5 steps to help ensure 743 million girls return to school when COVID is over

By Justin Fugle
April 22, 2020

The headlines are full of alarming and unprecedented statistics reflecting the shockwaves that COVID-19 is sending around the world. Probably every person on Earth has been affected directly or indirectly, and it is an undeniable reminder that all of us are in this together. Those of us who are only being inconvenienced by having to work from home and restrict our movements are sadly the lucky ones. The tragic numbers of deaths, infections and job losses are historic, breaking records at every turn. Another shocking statistic is that suddenly, 743 million girls and young women are not in school.

A new Plan-UNESCO blog addresses the response needed to ensure the education of these 743 million girls is sidelined only for a few months and not lost completely.

Our recommendations draw on lessons from Ebola affected-countries, where girls’ learning at home was limited by an increase in domestic and care responsibilities and a shift to income generation, as shown by Plan International’s analysis.

Several studies found that the closure of schools during Ebola increased girls’ vulnerability to physical and sexual abuse, transactional sex and child marriage. COVID-generated economic shutdowns and mortality will likely have much larger impacts.

Here are five specific program recommendations based on Plan and UNESCO experience and research:

Safeguard vital services

Girls and the most vulnerable children and young people miss out on vital services when schools are closed, specifically school meals and social protection. Make schools access points for psychosocial support and food distribution, work across sectors to ensure alternative social services and deliver psychosocial support by phone call, text and radio.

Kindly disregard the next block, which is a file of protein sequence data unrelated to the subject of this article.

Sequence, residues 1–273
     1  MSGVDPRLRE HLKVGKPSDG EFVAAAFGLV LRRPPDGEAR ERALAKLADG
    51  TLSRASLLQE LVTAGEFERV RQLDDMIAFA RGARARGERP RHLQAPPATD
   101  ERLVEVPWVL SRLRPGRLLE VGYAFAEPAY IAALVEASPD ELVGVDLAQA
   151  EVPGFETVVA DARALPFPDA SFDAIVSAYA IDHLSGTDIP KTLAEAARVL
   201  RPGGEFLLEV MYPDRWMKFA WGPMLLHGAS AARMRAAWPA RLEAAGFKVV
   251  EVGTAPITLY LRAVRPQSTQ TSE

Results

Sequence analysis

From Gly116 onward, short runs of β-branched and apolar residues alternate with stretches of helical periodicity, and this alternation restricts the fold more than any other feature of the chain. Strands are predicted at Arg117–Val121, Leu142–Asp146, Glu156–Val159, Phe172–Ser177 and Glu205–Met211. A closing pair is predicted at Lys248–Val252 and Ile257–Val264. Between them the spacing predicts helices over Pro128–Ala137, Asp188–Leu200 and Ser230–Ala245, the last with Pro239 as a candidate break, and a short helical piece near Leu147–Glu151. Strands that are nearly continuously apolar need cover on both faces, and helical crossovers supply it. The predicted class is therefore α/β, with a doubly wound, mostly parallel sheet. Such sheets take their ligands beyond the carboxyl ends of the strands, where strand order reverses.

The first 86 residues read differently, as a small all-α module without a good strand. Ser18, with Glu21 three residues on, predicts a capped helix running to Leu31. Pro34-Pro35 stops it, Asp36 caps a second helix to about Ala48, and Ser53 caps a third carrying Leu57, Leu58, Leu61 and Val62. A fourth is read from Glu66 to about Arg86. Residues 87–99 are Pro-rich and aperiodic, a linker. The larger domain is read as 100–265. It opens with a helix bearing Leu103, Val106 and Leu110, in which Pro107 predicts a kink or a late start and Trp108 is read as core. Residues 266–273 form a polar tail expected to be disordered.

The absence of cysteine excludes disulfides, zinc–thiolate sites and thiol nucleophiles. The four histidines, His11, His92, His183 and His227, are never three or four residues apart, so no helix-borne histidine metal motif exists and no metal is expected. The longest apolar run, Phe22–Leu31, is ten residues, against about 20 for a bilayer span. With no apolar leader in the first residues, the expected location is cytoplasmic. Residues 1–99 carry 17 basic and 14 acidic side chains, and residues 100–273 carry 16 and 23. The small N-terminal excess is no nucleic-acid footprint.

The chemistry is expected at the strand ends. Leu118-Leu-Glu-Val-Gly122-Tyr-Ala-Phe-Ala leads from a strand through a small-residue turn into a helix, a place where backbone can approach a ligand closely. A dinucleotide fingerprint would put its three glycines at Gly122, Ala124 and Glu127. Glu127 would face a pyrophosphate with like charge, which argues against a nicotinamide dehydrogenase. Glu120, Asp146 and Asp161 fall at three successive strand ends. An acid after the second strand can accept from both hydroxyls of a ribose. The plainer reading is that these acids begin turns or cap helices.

Leverage teachers and communities

Work closely with teachers and communities to ensure inclusive methods of distance learning are adopted and call for continued investments in girls’ learning. Community sensitization on the importance of girls’ education should continue as part of any distance learning program.

Adopt appropriate distance learning practices

In contexts where virtual classes are less accessible, consider low-tech and gender-responsive approaches. Send reading and writing materials home and use radio broadcasts and texting to reach out. Ensure schooling is flexible and allows self-paced learning so as not to deter girls who often disproportionately shoulder the burden of care at home.

Consider the gender digital divide

In contexts where digital solutions to distance learning and the internet is accessible, ensure that girls are trained with the necessary digital skills, including the knowledge and skills they need to stay safe online.

Ensure return to school

Provide flexible learning approaches so that girls are not deterred from returning to school when they re-open. This includes pregnant girls and young mothers who often face stigma and discriminatory school re-entry laws. Others will need catch-up classes.

Plan has a significant role to play in this effort in thousands of communities around the world and also as advocates for these girls with the U.S. Government. As U.S. foreign aid is put to work to address the shocking disruptions of COVID-19, Plan reminds the key decision-makers that smart investments can ensure that millions of girls return to school, benefitting themselves, their communities and our shared world.

 

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